First you need to buy a router that supports OpenWRT/LEDE. The exact model mattersbuy one that is listed here, don’t go to Wal-mart or BestBuy and buy a random model and then complain that it doesn’t work. If you have less than a 100Mbps connection, then an old Netgear WNDR 3800 for $20 will do the job fine, and I recommend it. Reprogram (or “flash”) the router with OpenWRT/LEDE – all you have to do is going to the original web control panel and upgrade the firmware with the “factory” firmware (I personally recommend LEDE, download here for the WNDR 3800).

After you have all those done, go to the control panel, go to System>Software, then install the kmod-cake, sqm-scripts, sqm-scripts-extra and luci-app-sqm packages so that it shows up as a setting in your control panel, like so:

Go to speedtest.net to record your internet connection speed (upload and download), multiple each of those two numbers with 0.8 or 0.9. Don’t worry too much about the absolutely maximum figure – remember: it’s not the bandwidth that is important. Go to the control panel and activate SQM-QoS, set it to the two figures you calculated like so (The queue discipline can be set as either Cake or FQ_CoDel, Cake is probably better):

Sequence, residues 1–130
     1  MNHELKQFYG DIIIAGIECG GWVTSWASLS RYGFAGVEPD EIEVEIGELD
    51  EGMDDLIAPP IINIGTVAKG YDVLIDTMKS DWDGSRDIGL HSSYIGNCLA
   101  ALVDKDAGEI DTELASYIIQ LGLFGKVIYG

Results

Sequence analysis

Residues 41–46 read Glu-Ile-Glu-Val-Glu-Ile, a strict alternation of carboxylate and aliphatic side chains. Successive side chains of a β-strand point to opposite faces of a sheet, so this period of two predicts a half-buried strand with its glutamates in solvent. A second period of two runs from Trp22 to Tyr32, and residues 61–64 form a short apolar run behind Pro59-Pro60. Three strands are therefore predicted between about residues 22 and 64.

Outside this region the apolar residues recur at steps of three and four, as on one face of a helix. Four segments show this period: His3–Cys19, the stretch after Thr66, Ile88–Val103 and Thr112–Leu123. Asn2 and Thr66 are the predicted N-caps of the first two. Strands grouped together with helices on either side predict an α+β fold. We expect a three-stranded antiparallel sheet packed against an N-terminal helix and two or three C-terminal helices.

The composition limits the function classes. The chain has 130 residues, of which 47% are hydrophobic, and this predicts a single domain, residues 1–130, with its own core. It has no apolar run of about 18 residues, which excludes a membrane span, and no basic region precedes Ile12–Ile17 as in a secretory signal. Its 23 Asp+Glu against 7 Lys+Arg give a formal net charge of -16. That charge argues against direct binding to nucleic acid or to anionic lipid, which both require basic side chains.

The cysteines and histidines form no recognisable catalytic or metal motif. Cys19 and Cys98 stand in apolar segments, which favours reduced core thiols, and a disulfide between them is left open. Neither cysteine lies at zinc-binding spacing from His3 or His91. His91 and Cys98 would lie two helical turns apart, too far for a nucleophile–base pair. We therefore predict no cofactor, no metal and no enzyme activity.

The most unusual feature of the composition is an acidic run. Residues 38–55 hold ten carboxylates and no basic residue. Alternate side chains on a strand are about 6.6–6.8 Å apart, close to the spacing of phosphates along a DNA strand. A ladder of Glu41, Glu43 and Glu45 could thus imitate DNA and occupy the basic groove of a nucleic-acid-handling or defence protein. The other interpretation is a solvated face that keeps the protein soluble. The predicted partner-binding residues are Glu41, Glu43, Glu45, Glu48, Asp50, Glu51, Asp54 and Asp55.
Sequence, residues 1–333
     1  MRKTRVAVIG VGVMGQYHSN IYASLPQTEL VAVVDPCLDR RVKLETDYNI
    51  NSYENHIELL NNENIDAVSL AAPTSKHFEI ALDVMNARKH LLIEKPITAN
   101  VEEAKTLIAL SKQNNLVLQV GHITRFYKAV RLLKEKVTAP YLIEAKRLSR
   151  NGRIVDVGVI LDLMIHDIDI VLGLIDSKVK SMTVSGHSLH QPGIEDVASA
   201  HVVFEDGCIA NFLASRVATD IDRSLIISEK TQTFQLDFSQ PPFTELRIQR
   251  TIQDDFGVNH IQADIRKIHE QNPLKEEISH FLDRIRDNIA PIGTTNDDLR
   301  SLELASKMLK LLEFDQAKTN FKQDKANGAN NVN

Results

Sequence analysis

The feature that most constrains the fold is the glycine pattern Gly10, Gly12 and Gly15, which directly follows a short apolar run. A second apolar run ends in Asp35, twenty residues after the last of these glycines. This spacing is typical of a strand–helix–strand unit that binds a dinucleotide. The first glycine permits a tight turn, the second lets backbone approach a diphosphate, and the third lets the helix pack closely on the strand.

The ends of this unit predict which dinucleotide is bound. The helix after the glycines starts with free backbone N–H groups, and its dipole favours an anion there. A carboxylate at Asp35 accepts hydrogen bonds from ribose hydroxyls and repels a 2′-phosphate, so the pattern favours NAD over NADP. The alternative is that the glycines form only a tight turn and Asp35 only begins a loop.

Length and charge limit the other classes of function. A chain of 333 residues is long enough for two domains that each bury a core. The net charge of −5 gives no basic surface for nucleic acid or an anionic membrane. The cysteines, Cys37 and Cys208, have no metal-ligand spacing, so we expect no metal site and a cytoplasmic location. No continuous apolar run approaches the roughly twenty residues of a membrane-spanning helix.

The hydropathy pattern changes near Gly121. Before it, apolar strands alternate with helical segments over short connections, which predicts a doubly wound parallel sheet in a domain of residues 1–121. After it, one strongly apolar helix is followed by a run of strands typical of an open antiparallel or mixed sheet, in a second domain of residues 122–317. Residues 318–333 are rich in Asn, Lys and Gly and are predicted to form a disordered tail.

Do the same speed test with the ping window open. If the ping figure stays low as if nothing happens even when you speedtest, then you’re good to go.

All you have left to do is to celebrate it, thank me and buy me a beer. Or fire up some Counter-strike: Global Offensive and murder someone. My gamers friends had an eye-opening experience when I showed them my 30ms ping with Bittorrent downloads in the background.

Bonus question: So you’re making this long post to tell me that what determines my internet speed isn’t the internet speed? You’re preaching voodoo – I built my own PC!

Your download/upload bandwidth is the new e-peen - Warning NSFW - it’s literally the top definition there right now. As a former Hanoian, I think your speed on the streets of Hanoi doesn’t depend on how many engines your car has, either.

PS: There are concerns that the FCC don’t want you to modify your routers. As I am not a US citizen, I can’t say much, but I’m sure you can help spreading the words on why not being able to put custom software on your router is bad.

Read comments